Davao City hoping to ward off ‘second wave’ of COVID-19 infections

DAVAO CITY (MindaNews / 22 March) – The City Government of Davao is intensifying efforts to possibly prevent a “second wave” of coronavirus disease (COVID-19) infections involving new variants of the virus, which have been blamed for the surging cases in the National Capital Region and Cebu in the Visayas.

In her program over the Davao City Disaster Radio (DCDR 87.5), Mayor Sara Duterte revealed that local authorities are taking drastic measures this early “so that the surge in NCR and Cebu will not reach the city.”

Her pronouncement came as local health officials noted a decreasing trend in the number of COVID-19 cases beginning the first week of February in Davao City.

As of March 21, Department of Health (DOH)-Davao (DOH) reported 10 new cases in the city, bringing the number of confirmed COVID-19 to 13,532 overall, of which 326 are active, 12,548 are recoveries and 658 have led to deaths.

The mayor stressed that the city will implement the mandatory “test before travel” policy for all in-bound air passengers effective Tuesday, and has intensified its community surveillance and contact-tracing efforts.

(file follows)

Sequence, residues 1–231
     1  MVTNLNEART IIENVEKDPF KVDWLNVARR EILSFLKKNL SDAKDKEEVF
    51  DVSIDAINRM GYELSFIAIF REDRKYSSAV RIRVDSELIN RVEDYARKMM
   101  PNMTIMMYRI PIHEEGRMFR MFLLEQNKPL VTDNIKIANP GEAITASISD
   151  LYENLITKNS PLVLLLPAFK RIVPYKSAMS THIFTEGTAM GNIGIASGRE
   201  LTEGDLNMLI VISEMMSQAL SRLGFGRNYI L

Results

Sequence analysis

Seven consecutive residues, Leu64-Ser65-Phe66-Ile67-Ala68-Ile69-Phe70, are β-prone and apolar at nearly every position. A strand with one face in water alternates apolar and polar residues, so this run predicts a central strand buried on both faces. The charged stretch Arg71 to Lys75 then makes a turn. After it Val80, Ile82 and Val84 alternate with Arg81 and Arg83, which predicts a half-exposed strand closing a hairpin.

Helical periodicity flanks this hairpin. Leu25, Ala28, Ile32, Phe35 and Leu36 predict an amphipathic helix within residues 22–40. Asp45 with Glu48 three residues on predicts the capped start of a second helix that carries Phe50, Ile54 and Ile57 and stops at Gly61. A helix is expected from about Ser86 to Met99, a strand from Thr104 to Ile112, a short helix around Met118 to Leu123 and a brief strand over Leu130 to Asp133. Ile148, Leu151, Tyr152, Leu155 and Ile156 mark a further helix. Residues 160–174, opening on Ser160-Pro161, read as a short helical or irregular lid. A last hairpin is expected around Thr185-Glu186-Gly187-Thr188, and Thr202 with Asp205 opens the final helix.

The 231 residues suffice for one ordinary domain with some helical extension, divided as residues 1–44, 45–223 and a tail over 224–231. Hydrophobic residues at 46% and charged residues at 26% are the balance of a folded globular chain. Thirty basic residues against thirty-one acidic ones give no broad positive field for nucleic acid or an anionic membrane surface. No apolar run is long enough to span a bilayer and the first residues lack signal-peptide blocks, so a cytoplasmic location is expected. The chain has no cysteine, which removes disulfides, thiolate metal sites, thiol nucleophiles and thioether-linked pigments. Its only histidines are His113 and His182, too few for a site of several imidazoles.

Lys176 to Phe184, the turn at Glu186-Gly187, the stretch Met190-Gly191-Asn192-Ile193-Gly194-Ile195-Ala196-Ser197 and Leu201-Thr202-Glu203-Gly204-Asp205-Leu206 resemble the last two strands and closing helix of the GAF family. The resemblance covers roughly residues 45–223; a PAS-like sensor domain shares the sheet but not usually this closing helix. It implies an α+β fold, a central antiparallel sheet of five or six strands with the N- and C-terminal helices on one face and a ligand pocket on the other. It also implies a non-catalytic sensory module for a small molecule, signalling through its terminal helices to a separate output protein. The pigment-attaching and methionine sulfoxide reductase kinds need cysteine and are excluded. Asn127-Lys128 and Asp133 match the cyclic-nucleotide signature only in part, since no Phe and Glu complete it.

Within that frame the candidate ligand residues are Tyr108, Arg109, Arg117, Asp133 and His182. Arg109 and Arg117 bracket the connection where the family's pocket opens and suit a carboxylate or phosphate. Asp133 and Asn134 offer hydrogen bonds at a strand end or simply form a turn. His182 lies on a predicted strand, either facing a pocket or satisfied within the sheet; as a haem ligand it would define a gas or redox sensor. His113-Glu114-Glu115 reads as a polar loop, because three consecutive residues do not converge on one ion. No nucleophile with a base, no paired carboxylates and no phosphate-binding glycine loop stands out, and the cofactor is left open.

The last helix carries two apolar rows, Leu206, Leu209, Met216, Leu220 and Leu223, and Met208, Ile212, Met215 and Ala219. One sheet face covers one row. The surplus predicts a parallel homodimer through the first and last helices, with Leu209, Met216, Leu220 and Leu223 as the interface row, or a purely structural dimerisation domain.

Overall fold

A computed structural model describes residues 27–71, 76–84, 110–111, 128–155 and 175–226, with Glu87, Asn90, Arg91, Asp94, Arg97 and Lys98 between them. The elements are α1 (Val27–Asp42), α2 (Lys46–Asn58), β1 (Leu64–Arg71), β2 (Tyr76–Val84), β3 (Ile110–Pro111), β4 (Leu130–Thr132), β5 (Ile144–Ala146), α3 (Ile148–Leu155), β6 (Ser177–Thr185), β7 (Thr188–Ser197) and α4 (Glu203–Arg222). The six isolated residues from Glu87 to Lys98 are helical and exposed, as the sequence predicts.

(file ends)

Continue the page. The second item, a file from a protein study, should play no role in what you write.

Duterte said that passengers must be prevented from boarding the aircraft at the airport of origin if they can’t present a negative reverse transcription-polymerase chain reaction (RT-PCR) result, which must be taken within at least 72 hours before flying to the Davao International Airport (DIA)

Passengers with invalid or fake swab test results will need to undergo the RT-PCR test at their own expense, and will face charges for falsification of documents, according to her.

Duterte reported that health authorities here have already conducted more aggressive surveillance efforts in communities to detect individuals who manifest influenza-like symptoms such as fever, colds and cough, and will subject them immediately to RT-PCR test regardless of whether they have been exposed to a positive case or not.

She said the local government is also reviewing the contact-tracing system to immediately locate the close contacts of the index cases.

“This was a major challenge when we had so many cases during our first wave. The contact-tracing was always delayed, and we’re counting days before we’re finally able to track down the close contacts of the positive cases,” Duterte said.

She said that the temporary treatment and monitoring facilities are also on-standby while the local government has committed to purchase more medical equipment, using the city’s disaster funds, for private hospitals as requested by the DOH-Davao.

“We are fast-tracking the procurement so that we can give it to them before the possible second wave,” she said.

Health authorities in the country detected an increasing number of cases of South African and UK variants in the NCR and Cebu, including the latest variant called “P-3” that was first detected in the Philippines.